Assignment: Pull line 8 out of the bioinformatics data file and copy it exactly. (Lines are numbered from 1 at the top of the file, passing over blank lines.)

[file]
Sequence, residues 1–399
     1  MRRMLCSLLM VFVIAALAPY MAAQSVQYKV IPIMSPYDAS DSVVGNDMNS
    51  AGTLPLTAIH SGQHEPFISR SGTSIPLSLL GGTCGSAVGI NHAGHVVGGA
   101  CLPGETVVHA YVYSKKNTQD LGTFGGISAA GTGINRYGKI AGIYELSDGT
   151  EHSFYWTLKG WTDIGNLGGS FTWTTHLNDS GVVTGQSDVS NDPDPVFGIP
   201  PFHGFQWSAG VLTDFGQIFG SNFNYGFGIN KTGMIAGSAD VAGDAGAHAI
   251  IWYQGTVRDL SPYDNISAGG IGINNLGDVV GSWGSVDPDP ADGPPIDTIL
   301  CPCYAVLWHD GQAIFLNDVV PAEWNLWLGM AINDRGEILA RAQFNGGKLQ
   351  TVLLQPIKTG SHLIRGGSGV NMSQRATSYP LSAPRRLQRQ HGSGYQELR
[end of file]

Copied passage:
   301  CPCYAVLWHD GQAIFLNDVV PAEWNLWLGM AINDRGEILA RAQFNGGKLQ